34 Jul 17, 2008CS, ULB34 Compared techniques Centralized with no slack –Node transmits all updates to BS –Zero querying cost Centralized with slack –Node maintains slack –Query sent to sensor nodes if cached models at BS cannot answer MIST schemes –Average/min-max models –With/without slack

35 Jul 17, 2008CS, ULB35 Effect of query rate Slack-based schemes win at small query rates Centralized scheme with no slack is the best at very high query rates

36 Jul 17, 2008CS, ULB36 Update costs No-slack schemes have almost double costs MIST’s slack schemes are better since updates are pruned at every level in the hierarchy

37 Jul 17, 2008CS, ULB37 Query costs Costs increase with decreasing correlation (1-ε) At high correlation (low ε), no-slack schemes (including centralized) perform better

38 Jul 17, 2008CS, ULB38 Optimal slack Minimum exists for MIST’s schemes Centralized: Due to low query rate, update costs dominated over querying costs

39 Jul 17, 2008CS, ULB39 Network size No-slack schemes are better Querying cost increases due to higher bounds and longer path lengths to leaf nodes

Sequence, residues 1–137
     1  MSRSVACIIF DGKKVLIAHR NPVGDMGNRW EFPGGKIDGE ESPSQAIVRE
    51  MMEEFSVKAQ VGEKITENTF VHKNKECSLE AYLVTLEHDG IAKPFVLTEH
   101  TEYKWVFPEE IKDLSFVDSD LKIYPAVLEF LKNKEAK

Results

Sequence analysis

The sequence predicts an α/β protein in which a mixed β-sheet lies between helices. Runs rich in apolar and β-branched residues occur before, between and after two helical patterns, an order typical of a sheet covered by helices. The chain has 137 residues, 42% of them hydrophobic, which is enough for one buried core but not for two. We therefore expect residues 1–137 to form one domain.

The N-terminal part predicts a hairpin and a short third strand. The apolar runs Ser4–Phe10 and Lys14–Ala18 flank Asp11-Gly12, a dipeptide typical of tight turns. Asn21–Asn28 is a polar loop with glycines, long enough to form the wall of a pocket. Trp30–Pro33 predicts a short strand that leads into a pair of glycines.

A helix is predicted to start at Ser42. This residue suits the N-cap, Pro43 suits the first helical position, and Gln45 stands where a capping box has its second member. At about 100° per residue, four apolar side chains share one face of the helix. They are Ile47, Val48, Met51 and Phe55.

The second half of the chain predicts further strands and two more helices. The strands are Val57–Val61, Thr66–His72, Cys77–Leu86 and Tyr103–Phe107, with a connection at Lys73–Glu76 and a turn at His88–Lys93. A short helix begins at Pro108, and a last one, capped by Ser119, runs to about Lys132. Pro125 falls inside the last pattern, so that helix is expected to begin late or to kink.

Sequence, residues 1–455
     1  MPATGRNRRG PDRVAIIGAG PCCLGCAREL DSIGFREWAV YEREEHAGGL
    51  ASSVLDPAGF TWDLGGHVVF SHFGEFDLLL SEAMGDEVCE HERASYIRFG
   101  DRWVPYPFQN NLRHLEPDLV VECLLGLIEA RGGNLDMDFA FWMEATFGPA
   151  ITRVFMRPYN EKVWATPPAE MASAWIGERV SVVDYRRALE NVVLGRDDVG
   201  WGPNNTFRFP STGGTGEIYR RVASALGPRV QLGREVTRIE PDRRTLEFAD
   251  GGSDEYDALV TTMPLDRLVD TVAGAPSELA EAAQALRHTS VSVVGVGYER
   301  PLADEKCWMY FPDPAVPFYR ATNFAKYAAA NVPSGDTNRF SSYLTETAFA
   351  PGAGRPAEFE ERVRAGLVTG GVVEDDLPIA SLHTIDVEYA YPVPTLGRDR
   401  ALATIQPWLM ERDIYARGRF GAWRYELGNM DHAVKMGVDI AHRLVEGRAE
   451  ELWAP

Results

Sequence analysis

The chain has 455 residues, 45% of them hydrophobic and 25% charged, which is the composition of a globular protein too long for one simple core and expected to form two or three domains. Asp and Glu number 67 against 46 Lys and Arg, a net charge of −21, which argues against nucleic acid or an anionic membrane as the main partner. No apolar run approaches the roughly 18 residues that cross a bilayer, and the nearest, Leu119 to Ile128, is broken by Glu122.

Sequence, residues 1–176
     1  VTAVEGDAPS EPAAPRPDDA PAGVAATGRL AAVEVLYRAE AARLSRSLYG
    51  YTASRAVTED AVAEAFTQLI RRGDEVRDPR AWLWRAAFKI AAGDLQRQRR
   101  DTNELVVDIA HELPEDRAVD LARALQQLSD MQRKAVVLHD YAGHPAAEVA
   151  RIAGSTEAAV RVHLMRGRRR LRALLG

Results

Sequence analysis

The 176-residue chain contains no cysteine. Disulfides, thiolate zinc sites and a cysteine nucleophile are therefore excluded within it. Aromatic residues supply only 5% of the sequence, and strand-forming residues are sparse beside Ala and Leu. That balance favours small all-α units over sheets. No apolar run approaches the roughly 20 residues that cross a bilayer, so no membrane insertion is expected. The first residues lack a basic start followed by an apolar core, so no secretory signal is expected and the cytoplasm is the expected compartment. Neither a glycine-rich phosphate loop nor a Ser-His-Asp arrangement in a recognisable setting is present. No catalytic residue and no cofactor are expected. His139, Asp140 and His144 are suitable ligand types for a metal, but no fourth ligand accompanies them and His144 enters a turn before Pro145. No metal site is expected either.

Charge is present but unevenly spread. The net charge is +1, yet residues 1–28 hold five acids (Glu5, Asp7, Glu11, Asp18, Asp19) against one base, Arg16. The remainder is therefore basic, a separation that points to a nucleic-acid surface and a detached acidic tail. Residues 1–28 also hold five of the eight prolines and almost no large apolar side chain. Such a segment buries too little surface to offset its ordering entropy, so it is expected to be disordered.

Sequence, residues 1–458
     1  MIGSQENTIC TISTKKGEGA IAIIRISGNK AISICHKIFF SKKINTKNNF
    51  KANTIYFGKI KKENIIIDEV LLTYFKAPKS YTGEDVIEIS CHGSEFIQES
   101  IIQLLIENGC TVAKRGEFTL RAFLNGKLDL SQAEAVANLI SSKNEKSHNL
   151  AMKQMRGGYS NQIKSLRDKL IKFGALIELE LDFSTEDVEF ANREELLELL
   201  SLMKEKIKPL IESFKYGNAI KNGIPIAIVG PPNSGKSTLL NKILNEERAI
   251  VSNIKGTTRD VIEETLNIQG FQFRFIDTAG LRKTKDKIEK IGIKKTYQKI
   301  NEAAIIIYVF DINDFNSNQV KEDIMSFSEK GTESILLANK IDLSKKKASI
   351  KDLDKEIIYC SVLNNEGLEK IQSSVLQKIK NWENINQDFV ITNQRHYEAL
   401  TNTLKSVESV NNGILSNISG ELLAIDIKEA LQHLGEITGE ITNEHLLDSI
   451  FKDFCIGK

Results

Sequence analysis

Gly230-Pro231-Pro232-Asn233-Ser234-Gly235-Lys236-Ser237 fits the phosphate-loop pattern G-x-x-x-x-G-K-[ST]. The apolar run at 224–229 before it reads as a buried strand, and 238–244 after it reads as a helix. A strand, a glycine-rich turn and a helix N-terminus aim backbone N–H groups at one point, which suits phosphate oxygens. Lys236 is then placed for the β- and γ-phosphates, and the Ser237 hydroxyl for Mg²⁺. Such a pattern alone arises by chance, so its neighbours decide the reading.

40 Jul 17, 2008CS, ULB40 Number of states: update costs Update costs increase with number of states MIST schemes are scalable due to hierarchical pruning

41 Jul 17, 2008CS, ULB41 Number of states: query costs Querying cost decreases –Each model parameter σ decreases –Probability of observing q, i.e., P(q|λ) decreases –Therefore, bounds decrease

42 Jul 17, 2008CS, ULB42 Number of states: total costs For sequence queries, no “curse of dimensionality”

43 Jul 17, 2008CS, ULB43 Number of states: model query For model queries, “curse of dimensionality” sets in –Scalable up to reasonable state sizes

44 Jul 17, 2008CS, ULB44 Fault-tolerance experiments Costs increase moderately due to parent switching Scalable with probability of failure

45 Jul 17, 2008CS, ULB45 Outline Semantic modeling MIST: An index structure Query algorithms Experiments Conclusions –Future work

46 Jul 17, 2008CS, ULB46 Conclusions A hierarchical in-network index structure for sensor networks using statistical models Hierarchical model aggregation schemes –Average model –Min-max models Queries –Sequence queries –Model query Experiments –Better than centralized schemes in terms of update, querying and total communication costs –Scales well with network size and number of states

47 Jul 17, 2008CS, ULB47 Future work How to overlay the tree? –Similar models should be in the same subtree “Quality” of tree –Distributed solutions –What happens when models are updated? Fault-tolerance –How to find the best parent during faults? –Whether to switch back or stay after recovery –How to replicate information in siblings? Deployment


Download ppt "Distributed Indexing and Querying in Sensor Networks using Statistical Models Arnab Bhattacharya Indian Institute of Technology (IIT),"

Similar presentations


Ads by Google